California’s beaches may feel off-limits right now, but the coronavirus has not stopped the sea from rising. With every tide and storm, this slow-moving disaster continues to creep closer to shore — toppling bluffs, eroding our beaches and threatening homes and major infrastructure.
Also on the rise is a heated battle over what gets saved — and who actually benefits — along the California coast.
In a move this month that outraged environmentalists and caught coastal regulators off guard, a Republican senator pushed forward legislation that would revise a key section in the state’s landmark Coastal Act and allow homeowners in San Diego and Orange counties to build seawalls by right. These changes would set a precedent of sidestepping the required (and often tough) oversight of the California Coastal Commission, which for decades has walked the contentious line between protecting private property and preserving the very beaches that make California, well, California.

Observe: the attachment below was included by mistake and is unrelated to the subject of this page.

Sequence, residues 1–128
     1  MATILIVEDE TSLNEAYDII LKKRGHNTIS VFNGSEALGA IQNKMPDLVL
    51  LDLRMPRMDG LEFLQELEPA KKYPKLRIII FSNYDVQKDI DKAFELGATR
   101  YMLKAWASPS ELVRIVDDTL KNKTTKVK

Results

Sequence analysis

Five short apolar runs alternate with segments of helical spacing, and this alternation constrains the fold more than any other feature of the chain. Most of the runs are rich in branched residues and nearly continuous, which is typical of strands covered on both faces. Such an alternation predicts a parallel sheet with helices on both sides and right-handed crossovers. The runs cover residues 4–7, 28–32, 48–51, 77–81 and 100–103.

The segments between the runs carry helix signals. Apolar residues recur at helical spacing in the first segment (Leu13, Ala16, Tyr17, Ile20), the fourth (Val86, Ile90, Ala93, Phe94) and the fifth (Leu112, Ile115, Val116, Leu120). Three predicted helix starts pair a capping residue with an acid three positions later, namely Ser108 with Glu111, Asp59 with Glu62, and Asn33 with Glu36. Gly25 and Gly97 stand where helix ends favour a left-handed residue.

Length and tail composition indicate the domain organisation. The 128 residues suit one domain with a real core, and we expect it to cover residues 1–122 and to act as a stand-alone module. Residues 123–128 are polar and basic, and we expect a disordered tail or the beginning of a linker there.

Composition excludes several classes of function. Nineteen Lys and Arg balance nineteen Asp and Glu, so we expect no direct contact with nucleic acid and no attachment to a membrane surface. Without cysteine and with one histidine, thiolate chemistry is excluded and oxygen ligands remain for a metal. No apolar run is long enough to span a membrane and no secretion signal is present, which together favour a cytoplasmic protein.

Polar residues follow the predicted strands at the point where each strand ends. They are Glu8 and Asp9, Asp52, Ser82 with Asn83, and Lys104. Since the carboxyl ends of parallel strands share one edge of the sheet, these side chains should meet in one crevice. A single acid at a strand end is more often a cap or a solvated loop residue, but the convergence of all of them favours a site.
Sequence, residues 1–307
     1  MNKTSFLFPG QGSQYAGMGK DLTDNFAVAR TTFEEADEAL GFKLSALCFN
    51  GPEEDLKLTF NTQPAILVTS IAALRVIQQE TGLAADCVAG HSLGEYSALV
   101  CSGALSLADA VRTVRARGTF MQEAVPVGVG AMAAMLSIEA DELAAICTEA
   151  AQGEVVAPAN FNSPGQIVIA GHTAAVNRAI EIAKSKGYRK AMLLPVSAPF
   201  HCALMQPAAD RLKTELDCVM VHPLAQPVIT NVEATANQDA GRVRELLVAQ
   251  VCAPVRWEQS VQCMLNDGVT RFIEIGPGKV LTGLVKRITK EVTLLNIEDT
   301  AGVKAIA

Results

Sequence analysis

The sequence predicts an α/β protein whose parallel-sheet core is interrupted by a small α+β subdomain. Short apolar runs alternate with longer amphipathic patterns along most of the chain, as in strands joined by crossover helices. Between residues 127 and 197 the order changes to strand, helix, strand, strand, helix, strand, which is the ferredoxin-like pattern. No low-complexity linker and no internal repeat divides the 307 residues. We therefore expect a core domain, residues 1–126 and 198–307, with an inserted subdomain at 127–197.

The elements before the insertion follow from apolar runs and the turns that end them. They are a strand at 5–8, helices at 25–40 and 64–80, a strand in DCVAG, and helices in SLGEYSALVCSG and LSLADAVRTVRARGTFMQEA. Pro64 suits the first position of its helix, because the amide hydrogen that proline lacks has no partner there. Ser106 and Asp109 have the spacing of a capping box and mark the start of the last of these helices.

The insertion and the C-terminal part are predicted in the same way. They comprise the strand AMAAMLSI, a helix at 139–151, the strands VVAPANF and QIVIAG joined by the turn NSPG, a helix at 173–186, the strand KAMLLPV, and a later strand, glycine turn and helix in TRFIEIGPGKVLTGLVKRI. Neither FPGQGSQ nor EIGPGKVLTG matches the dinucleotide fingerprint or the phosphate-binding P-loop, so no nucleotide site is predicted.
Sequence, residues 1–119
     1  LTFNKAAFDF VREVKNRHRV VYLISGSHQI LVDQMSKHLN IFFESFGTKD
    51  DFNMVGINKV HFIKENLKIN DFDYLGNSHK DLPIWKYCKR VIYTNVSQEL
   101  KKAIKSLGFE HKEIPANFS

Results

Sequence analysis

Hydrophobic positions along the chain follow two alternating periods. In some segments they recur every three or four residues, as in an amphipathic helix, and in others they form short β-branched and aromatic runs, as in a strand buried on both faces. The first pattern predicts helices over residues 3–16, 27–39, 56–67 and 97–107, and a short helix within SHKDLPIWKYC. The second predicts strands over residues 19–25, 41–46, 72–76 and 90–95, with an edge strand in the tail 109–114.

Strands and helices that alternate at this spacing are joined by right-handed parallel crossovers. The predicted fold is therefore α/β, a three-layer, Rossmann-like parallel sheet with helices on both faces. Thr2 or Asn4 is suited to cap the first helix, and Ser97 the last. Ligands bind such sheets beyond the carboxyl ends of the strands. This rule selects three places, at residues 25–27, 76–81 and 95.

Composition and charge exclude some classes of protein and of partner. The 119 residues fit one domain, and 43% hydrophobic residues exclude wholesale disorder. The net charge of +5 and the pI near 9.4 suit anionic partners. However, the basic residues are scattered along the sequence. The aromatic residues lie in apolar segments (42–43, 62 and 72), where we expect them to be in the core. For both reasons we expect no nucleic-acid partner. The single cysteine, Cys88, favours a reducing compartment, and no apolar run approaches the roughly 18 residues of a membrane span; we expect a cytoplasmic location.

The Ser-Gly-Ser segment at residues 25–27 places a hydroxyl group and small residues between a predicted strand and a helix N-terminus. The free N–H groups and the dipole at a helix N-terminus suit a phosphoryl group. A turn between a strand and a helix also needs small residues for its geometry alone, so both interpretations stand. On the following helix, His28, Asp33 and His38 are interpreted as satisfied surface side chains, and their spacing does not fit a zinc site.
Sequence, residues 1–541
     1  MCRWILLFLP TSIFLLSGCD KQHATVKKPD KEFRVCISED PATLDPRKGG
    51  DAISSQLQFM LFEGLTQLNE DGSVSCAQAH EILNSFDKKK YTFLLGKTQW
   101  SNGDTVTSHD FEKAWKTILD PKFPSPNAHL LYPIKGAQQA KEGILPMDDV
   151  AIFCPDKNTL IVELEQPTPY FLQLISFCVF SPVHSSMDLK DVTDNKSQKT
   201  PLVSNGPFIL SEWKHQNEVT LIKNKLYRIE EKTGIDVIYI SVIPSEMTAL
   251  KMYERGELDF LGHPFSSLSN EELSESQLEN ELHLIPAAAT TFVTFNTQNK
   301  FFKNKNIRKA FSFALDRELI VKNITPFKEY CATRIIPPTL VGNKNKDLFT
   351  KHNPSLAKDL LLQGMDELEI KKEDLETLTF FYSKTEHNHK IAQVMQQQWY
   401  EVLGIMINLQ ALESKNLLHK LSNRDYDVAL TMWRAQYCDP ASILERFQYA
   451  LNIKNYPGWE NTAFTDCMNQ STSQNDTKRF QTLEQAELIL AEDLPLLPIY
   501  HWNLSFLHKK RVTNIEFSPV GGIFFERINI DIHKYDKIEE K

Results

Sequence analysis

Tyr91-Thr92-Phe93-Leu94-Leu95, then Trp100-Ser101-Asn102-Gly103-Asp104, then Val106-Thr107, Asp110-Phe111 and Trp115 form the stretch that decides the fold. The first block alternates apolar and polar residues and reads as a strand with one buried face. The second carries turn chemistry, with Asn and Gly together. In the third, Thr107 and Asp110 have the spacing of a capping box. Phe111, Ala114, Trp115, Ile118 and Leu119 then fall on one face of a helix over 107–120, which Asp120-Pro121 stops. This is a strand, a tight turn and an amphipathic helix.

Seawalls, while effective in protecting beachfront homes and infrastructure in the short term, are controversial because they disrupt the erosion and natural replenishment of sand — stripping away beaches until they narrow or vanish altogether. For every new seawall protecting a home or road, a beach for the people is sacrificed.
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